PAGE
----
Mud season

tiller michael r flickr.jpg
 Soggy, muddy mess.                                                        Tom Scott/Flickr                           

Soggy, muddy mess.                                                        Tom Scott/Flickr                        

 

Between the pristine white of winter and the tender green of spring lies the treacherous, oozy brown of mud season.

We don’t suffer nearly so much here in New Jersey as in the New England states, where mud season is a ruefully acknowledged and inescapable fact of life. It’s a dirty, miserable interlude that sends many into deep despair or straight to the airport, mud still clinging to their boots. Winter you can take — at least there’s skiing and crisp, snowy vistas. It’s mud, totally lacking in redeeming social value, that makes you crazy.

New England suffers more comprehensively from mud season because it suffers more comprehensively from clay soils that turn sticky when wet. When snow melts and spring rains fall but subsurface soil remains frozen, the water has no place to go. That’s when you get mud, epic mud, that makes any unpaved road all but impassable.

Here in New Jersey, the southern half of the state has a sandy soil, known technically as “Downer,” which drains quickly and doesn’t retain moisture all that well. Hence, no mud.

It’s northern locations, especially the northwestern Highlands, where we have clay-like aggregates dropped by retreating glaciers. It would be more problematic for the public at large if we had more dirt roads, but this section of the state is pretty well served by giant interstate highways, county arteries and humble town roads, all blacktopped. Getting around generally isn’t a problem requiring jacked-up 4x4s and heavy-duty farm tractors.

While mud isn’t a pressing problem for every living soul, it’s still an issue for gardeners.

There’s nothing quite so discouraging as hiking out to the garden in early spring, only to find that your soil is wet, cold and imperfectly thawed — especially on the north side of fences, or at the bottom of slopes where excess surface water gathers, but doesn’t drain away. If your soil is high in clay-like components, it will stick to your shoes and make you feel very much like a frustrated New Englander.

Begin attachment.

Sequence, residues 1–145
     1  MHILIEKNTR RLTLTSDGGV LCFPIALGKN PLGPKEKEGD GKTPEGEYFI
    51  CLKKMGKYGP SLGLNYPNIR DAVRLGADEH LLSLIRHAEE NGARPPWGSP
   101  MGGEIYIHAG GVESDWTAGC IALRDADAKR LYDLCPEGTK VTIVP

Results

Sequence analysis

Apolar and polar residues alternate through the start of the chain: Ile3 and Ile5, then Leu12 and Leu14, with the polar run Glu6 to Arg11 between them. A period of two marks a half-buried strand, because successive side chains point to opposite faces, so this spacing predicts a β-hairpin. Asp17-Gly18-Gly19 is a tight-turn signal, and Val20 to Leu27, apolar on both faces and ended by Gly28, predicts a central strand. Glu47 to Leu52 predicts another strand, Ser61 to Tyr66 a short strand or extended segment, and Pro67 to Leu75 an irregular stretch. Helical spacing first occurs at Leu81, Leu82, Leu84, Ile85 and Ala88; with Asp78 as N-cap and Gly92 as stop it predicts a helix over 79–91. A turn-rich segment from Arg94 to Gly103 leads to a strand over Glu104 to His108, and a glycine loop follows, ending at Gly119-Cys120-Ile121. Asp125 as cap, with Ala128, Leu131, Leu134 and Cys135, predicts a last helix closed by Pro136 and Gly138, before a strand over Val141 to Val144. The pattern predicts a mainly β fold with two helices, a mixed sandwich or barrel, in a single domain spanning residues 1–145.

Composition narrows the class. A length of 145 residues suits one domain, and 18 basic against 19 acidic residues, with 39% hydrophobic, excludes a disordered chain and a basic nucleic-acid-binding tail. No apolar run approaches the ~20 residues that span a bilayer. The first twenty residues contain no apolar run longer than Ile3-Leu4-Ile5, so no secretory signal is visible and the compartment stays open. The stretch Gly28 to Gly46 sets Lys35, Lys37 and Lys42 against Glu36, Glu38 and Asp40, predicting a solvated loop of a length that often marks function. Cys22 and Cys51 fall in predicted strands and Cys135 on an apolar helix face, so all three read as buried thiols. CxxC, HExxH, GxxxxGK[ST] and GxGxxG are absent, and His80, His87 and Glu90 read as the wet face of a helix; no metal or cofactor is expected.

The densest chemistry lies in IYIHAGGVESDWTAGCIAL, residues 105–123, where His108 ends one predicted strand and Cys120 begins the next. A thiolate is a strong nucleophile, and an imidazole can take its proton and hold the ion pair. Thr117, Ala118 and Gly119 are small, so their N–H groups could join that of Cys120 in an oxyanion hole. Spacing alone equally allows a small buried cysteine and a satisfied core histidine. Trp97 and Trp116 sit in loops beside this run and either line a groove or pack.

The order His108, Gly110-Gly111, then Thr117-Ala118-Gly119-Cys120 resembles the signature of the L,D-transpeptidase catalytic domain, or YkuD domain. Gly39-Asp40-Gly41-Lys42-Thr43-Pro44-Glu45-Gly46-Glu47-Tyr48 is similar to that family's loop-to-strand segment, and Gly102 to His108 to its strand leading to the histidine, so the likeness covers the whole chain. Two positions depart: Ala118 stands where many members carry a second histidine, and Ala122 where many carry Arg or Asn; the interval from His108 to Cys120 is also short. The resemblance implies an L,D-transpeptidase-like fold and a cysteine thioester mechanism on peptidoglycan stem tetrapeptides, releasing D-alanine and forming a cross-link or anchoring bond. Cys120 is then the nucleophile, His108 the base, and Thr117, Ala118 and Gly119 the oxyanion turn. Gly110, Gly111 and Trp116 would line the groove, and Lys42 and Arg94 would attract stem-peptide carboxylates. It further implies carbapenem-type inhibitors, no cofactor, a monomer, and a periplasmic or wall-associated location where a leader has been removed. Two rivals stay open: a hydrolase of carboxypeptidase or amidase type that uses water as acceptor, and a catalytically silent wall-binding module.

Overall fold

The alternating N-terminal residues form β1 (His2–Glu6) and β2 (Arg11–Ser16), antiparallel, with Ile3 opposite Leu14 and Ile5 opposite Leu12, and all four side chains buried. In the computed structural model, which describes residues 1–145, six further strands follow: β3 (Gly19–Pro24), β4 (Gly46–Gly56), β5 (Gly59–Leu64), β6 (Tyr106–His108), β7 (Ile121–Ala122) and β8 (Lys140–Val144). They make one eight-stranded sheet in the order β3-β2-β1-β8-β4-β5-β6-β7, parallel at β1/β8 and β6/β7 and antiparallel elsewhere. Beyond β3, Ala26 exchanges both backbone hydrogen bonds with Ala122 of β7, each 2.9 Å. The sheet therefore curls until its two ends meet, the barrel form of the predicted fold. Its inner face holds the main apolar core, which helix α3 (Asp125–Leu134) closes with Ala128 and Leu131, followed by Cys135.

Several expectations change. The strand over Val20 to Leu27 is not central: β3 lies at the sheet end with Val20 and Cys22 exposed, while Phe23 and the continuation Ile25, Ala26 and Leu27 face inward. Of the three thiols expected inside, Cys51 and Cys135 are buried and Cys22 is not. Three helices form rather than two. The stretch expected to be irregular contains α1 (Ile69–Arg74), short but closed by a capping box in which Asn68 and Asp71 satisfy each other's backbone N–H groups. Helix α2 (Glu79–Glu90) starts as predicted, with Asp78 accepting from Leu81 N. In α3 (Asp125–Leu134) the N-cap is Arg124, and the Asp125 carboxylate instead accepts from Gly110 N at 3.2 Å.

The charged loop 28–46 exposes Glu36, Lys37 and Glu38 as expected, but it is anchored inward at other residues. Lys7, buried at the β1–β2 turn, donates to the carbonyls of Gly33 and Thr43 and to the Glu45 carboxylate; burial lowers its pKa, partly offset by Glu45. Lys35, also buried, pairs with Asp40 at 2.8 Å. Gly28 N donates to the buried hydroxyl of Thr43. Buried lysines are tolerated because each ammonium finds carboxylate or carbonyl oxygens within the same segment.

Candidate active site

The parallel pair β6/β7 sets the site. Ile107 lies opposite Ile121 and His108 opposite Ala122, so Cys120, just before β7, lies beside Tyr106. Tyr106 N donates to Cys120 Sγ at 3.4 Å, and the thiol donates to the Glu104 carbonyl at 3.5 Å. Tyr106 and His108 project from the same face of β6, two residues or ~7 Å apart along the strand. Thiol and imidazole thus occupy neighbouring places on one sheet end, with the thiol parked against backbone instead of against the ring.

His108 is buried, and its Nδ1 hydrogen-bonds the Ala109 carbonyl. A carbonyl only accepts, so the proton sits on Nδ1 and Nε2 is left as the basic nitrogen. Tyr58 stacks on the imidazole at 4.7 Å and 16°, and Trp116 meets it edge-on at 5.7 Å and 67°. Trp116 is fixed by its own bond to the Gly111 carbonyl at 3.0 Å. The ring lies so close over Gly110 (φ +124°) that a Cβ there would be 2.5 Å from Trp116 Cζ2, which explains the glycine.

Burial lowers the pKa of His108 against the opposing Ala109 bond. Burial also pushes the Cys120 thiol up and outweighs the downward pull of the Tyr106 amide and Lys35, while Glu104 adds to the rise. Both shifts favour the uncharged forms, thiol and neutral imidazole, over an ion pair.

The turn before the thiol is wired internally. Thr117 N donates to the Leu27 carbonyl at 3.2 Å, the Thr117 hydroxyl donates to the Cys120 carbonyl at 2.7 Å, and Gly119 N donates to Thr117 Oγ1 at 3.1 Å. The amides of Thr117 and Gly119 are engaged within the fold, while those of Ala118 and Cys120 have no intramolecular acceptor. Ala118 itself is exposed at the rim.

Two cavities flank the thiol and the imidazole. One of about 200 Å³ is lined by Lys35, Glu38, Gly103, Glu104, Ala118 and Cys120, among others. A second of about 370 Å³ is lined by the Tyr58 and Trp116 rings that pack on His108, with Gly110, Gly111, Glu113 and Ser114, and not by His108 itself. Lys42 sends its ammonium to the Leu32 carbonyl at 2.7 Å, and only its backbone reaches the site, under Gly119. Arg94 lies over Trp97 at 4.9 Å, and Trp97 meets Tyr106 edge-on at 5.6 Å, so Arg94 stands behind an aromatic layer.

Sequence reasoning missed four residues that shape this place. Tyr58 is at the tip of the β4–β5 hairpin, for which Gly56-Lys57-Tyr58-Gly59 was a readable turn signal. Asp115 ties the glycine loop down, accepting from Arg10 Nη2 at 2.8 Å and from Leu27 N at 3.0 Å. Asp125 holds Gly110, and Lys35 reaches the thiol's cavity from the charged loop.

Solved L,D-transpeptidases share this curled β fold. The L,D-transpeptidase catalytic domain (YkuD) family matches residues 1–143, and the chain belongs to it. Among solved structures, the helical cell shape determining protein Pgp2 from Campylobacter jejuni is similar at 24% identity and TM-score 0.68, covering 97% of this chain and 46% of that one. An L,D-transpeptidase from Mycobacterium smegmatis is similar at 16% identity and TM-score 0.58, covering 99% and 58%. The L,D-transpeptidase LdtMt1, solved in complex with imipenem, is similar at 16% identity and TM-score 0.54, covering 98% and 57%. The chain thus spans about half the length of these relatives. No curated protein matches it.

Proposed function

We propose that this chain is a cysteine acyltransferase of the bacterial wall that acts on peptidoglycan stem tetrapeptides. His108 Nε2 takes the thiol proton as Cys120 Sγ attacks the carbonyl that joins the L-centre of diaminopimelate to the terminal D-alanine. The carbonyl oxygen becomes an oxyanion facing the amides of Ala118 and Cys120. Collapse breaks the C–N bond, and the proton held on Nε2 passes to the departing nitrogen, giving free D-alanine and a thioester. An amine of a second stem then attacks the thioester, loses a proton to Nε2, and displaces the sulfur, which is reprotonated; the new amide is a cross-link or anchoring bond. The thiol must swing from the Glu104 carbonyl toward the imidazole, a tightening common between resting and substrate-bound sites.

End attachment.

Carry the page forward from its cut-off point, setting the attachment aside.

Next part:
Our serial March nor’easters have dropped lots of rain and snow this year, and where subsoil isn’t frozen, it’s likely saturated. I’ve got standing water in the yard and nearby farm fields and orchards are sporting expansive (if temporary) vernal ponds. Everything is squelchy underfoot.   

 Don't till before soil has dried.                                     Michael R/Flickr

Don't till before soil has dried.                                     Michael R/Flickr

Before you think it’s time to get a jump on spring gardening by dragging out the tiller, stop, look and feel. If you grab a handful of soil and squeeze it into a ball, and it holds its form like a good old-fashioned mud pie, it should not be tilled up, dug in or even stepped on.

Work the soil when it is too wet and you will squash the life out of it — literally. You will destroy the soil’s structure, leaving behind rock-hard clods requiring a sledge hammer to shatter. You’ll also compact the soil by squeezing out the air between soil particles that plant roots require every bit as much as water and nutrients.

Soil isn’t ready to be fussed with until that handful you’ve compressed crumbles at a touch or, if dropped from waist height, shatters into bits. That point will come when the sun gets warm enough to wick excess moisture from the soil — probably in another month or so, weather gods willing.

Yes, I know, it’s hard to wait when the daffodils are poking up, the perennials leafing out and the garden centers filling up with plants that get your fingers itching for a trowel. But you will lose more than you gain if you jump the gun. Don’t do it.

Tilling isn’t the be-all and end-all that some backyard gardeners may imagine, anyhow. Every time you turn the soil, you fold in oxygen that gooses microbial action and accelerates the depletion of organic matter meant to feed your plants. Tilling without adding fresh organic material can starve those micro-organisms to death, leaving you with a lifeless soil.

Besides disturbing soil critters, you pulverize the soil into a fine powder. Eventually, you can wind up with a layer of powdery soil sitting on top of a hardpan layer just below the reach of the tiller’s tines. One more reason not to over till: Every time you turn the soil you dredge up zillions of weed seeds and expose them to light, which will jump-start them into growth.

Cure your addiction to excess tilling by amending your soil with organic stuff — compost, peat, straw, mushroom spoils, salt hay, leaf mold, aged manure — whatever you can get your hands on. This works to improve both nutrient-poor sandy soils and air-deficient clay soils, by the way.

After blending in amendments, mulch the soil with something organic and leave it alone. Mulch will retain moisture and keep the soil surface cooler. This will encourage the worms to move in, and they will take over the tilling for you as they tunnel though the soil, leaving behind their rich casings (a k a worm poop).

But leave that tiller be for now, gardeners. And try to remember that patience is a virtue.